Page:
Nothing reduces potential fan anxiety more than the declaration that Jurassic World is “from executive producer Steven Spielberg.” In Sir Steven we trust.
“We have our first genetically modified hybrid.” Ok, Bryce Dallas Howard’s bangs. This is not going to end well.
It took 1:34 seconds to introduce Chris Pratt, but he was worth the wait (and the weight loss). Part Star-Lord, part Robert Muldoon action figure, all awesome, Pratt’s star couldn’t shine any brighter. Great casting, Universal team.
Setting the escalating theorized dinosaur chaos to a stripped down and tempo-deficient Jurassic Park Theme from the great John Williams is a little stroke of genius. Well played.
“Run!” Poor Bryce Dallas Howard and her bangs.
If the final images of Chris Pratt biking through a Endorian velociraptor speeder chase don’t mark June 12 on your calendar, I am not sure your capacity for cinematic awesomeness is up to standards.
It’s that time of the decade again (years ending in “4” or “9” since 1984), and, unfortunately, there is still reason for money to be sent to help people in Africa. This time the ebola epidemic is the cause. Despite some lyrical changes and your usual onslaught of today’s artists of note, Bono is still singing the money line, thirty years later. Sinead O’Connor does her part by providing the unintentional comedy and curious wonderment as to why she received the invite.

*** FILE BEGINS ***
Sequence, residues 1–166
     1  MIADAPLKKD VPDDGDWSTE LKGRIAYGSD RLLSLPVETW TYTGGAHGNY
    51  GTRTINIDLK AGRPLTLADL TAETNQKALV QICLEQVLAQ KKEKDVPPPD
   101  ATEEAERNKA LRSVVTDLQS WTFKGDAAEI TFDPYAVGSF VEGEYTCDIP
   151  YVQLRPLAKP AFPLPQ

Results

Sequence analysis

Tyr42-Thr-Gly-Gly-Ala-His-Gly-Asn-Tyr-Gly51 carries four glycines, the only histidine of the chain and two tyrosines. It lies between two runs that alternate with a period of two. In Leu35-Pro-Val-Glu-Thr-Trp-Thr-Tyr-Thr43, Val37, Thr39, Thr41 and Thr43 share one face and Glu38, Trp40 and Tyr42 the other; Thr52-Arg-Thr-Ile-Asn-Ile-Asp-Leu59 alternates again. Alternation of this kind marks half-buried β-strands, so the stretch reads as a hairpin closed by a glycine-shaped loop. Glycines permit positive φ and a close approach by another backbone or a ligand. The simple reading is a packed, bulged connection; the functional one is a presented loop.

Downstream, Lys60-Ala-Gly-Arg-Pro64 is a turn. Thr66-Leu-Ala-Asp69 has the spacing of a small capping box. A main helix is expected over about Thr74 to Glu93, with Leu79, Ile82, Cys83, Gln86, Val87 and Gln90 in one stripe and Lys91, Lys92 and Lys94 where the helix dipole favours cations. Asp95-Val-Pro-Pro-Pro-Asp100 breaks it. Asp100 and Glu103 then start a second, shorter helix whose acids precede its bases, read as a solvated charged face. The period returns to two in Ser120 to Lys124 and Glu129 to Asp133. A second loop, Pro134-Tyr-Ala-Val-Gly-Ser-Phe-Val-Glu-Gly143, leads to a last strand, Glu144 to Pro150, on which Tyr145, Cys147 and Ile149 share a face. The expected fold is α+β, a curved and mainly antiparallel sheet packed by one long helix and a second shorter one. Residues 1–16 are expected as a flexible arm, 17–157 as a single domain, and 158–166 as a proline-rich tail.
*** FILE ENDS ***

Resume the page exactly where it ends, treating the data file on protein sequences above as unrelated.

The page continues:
There isn’t anyone quite like Boris Diaw. On the remarkable precipice of another San Antonio Spurs NBA Championship (there is no conceivable way that Miami can win three games in a row unless 2014 Dwyane Wade can miraculously become 2006 Dwayne Wade again and the Spurs forget how to play basketball), the much maligned meal enjoyer and Charlotte Bobcats reject has become my favorite Spur not named Manu for his ability to paint the most beautiful form of basketball art. Always a sucker for passing greatness (growing up on Larry Bird did that to the youthful malleability of yours truly), Mr. Diaw IS one of the modern greats.
This behind-the-back to Tiago Splitter in Game 3 is only the icing on his gorgeous assist cake career:
As Boris has often done in the offseason (French food can be heavy at times!), you are hereby invited to indulge…
Actually, there is really only one thing you need to know: don’t see this poorly plotted, incongruous disaster.
Here are some of my additional takeaways while departing the theater:
If Arnold Schwarzenegger’s Mr. Freeze is the worst villain ever realized in a comic book movie (Try to make an argument to the contrary…just try), then Jamie Foxx’s Electro is the second worst villain ever realized in a comic book movie. What a conceptual embarrassment it was.
This movie is a complete waste of the beautiful Andrew Garfield and Emma Stone onscreen (and off!) chemistry and charisma, several strong scenes from Sally Field (I really like you), and a beautiful visual sensibility.
Dane DeHaan’s eyes can be scary to look at.
Paul Giamatti’s career (tough moment Hoke) has fallen a little off the deep end. He apparently wanted to play the catastrophe sometimes called the “Rhino.”
Speaking of tough moments, I am currently having one with cinema. For every Gravity or 12 Years a Slave, there are too many random Marvel sequels, big-budget CGI-fests in unnecessary 3D up-selling rip-offs, and stories that should never have been told. As TV has increasingly become more and more of my daily jam, spending time in a movie theater has unbalanced more toward the chore end of things (pleasure has become harder to come by). The result: I aim to be more judicious in my “in theaters” viewing (Oscar season will continue to be the exception) during the blockbuster months because there are apparently much better ways to spend my time.